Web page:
During the current Coronavirus pandemic, we are facing unprecedented challenges when it comes to our health, both physically and mentally. You may be finding that it is difficult to cope with the people you live with. Spending all of our time in a confined space with family or roommates can bubble up conflict or resentment, and leave you feeling like you have no control over the situation.
Everyone is worried about the current state of the world, and the risk of financial hardship does not help. All of these thoughts, coupled with feelings of being cut off from the world, can become a trigger for coping mechanisms like drugs or alcohol.
Here are a few ways that you can cope while quarantining with others and help prevent resorting to unhealthy coping mechanisms or relapsing into addiction.
Establish A Routine
Being forced to stay at home for your safety and the safety of others can be extremely disruptive to your daily routine and is perhaps one of the most difficult things to deal with when it comes to quarantine. Without your normal schedule, you may feel directionless and struggle to fill the hours of the day, and if you are recovering from substance abuse, boredom is your enemy.
Establishing a routine is one of the most effective ways to deal with the stress and anxiety brought on by quarantine and can help you find a sense of normalcy. Try to structure your days as you normally would, such as having a set eating schedule and bedtime. Consistently do your household chores and try to exercise as you normally would.
By creating a schedule, you can plan out activities that you will look forward to and will help you break out of the monotony. This schedule can also help you establish some boundaries with those you are living with – having a set time block for work or personal things in your schedule will encourage them to respect that as your space.
Another important thing to remember as you try to fill your time is to take breaks from social media. There is so much bad news flooding our screens and the media, so if you feel overwhelmed, it’s probably best to take some time away from it.
Spend Some Time Alone
If you are in quarantine with someone or a group of people, it may seem like you have to do absolutely everything with them – but this is not the case. One way to cope with those you are in quarantine with is to make a point to spend some time alone.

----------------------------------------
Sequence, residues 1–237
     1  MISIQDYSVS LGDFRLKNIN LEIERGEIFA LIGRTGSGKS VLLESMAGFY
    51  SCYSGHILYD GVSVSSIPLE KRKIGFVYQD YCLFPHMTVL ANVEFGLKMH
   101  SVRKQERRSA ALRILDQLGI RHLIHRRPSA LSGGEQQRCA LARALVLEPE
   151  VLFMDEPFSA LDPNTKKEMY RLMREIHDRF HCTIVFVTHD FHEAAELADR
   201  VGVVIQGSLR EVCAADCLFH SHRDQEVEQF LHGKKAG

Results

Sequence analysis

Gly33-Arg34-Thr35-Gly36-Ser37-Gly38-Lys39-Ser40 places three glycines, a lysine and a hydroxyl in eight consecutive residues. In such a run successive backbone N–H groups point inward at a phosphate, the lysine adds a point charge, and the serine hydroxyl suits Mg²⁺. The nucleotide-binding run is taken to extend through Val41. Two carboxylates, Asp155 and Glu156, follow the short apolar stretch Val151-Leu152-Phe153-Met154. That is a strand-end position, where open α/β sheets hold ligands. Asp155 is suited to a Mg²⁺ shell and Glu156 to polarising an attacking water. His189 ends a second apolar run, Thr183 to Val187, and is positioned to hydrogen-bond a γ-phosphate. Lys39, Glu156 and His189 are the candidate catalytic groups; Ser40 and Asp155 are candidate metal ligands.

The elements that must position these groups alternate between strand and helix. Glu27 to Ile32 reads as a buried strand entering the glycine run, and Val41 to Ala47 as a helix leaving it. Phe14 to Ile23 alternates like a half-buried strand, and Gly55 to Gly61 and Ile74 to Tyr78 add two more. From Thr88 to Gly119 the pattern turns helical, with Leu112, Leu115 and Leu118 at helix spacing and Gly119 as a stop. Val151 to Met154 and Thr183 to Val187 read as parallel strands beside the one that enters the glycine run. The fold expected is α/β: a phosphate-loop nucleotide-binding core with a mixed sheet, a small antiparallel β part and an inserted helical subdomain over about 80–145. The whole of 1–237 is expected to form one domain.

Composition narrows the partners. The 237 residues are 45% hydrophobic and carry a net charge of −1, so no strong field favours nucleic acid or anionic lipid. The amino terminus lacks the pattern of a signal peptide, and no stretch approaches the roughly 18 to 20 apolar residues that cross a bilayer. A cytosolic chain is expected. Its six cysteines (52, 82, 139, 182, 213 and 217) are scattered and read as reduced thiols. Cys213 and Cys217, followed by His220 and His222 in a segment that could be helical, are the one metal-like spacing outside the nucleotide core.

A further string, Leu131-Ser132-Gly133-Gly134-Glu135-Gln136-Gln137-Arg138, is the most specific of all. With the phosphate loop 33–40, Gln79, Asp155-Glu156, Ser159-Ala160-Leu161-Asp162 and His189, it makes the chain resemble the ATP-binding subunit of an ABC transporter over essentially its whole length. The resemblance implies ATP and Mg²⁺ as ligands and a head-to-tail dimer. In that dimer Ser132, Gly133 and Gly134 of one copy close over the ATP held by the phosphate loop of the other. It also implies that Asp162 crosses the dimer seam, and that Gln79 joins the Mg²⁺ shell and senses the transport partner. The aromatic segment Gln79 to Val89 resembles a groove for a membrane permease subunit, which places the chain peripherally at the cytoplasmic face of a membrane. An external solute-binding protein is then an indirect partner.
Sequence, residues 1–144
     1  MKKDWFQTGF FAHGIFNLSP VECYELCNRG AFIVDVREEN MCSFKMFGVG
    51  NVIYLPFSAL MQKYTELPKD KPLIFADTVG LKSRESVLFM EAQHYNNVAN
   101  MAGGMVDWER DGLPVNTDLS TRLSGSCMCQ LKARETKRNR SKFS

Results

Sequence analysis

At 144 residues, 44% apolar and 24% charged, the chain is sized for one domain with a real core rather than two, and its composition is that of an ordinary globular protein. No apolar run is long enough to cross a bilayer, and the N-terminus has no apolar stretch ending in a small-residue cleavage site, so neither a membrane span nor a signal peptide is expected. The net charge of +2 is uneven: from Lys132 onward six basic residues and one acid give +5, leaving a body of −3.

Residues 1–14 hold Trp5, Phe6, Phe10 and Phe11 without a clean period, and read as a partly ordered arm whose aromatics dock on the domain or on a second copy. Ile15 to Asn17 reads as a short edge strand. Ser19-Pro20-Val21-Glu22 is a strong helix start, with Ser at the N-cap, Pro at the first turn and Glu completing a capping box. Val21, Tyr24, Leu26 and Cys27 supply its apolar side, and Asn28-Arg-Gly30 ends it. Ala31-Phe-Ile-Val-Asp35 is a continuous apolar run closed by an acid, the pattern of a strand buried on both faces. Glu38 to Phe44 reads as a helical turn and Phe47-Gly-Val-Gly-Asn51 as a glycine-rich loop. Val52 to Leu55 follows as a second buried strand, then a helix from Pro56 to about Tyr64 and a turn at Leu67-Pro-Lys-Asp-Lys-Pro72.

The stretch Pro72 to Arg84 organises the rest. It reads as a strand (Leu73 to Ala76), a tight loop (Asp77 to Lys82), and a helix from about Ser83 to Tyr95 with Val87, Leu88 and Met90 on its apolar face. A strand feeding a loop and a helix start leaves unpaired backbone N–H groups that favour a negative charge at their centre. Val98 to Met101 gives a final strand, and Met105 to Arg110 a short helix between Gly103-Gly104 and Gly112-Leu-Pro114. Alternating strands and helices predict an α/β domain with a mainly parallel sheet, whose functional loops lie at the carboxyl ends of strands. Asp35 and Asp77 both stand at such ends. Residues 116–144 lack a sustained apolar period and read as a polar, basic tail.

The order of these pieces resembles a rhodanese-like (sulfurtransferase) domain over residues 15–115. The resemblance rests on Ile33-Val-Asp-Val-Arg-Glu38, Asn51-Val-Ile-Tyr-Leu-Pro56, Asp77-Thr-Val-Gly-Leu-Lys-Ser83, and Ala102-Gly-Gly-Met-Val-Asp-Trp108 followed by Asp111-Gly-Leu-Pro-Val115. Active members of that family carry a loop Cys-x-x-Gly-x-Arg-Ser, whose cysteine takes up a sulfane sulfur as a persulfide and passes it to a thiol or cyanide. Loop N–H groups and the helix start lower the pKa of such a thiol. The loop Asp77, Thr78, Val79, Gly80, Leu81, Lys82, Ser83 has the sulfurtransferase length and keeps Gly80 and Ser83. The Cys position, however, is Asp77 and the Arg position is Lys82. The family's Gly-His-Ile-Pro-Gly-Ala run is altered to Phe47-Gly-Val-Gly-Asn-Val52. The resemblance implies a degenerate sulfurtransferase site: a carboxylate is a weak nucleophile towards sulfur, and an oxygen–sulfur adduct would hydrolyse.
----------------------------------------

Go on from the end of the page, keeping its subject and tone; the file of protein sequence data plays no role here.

Spending some time away from those you are sharing your space with will give you time to decompress and release some stress. Do something you enjoy and that you can do alone. It can be anything from going for a walk to watching a movie or reading a book. You can even try an at-home workout. All it takes is a phone and a small bit of space to get your blood flowing.
Another thing to consider is the use of noise-canceling headphones – or any headphones for that matter. Put on some music or a podcast and you can instantly be transported somewhere else. Most people recognize the use of headphones as a universal signal for ‘do not disturb’ – this will also help send the message that you need some space.
Regardless of how you choose to spend your alone time, make sure you consistently give yourself the space you need. This will improve your mental health and help you avoid coping with things like alcohol or drugs.
Explore Your Creative Side
Another way to cope with sheltering in place with others is to explore your creative side. Expressing your creativity is a great stress reliever and can clear your mind from all the headlines and stressors that seem to be everywhere.
Take some time to draw, paint, cook, sing – there is no right or wrong way to let your creative side shine. You can also spend some time reading a book that you enjoy – engage with it and let your imagination run free, allowing your mind to escape from your day-to-day worries.
Maybe you can even take this time as an opportunity to start a hobby you have always thought about or finish a project that you started and never got around to completing.
While being in quarantine can be stressful, it is important to remember that this pandemic will not last forever. Things are frightening and unsure at the moment but using these tools to cope will help you push forward until you can resume your daily activities.
If you are having thoughts of resorting to drugs or alcohol to cope, explore virtual support options that will help you stay on track. Many of your local facilities are likely employing the use of telehealth during this time, and if they are not, they are likely taking many extra precautions in office to keep you and others safe. While things like Zoom therapy or simply phone therapy may not be the same as in-person meetings, there are many support groups offering services to those in recovery during this difficult time. Don’t assume you can’t find the help you need to stay on track with recovery.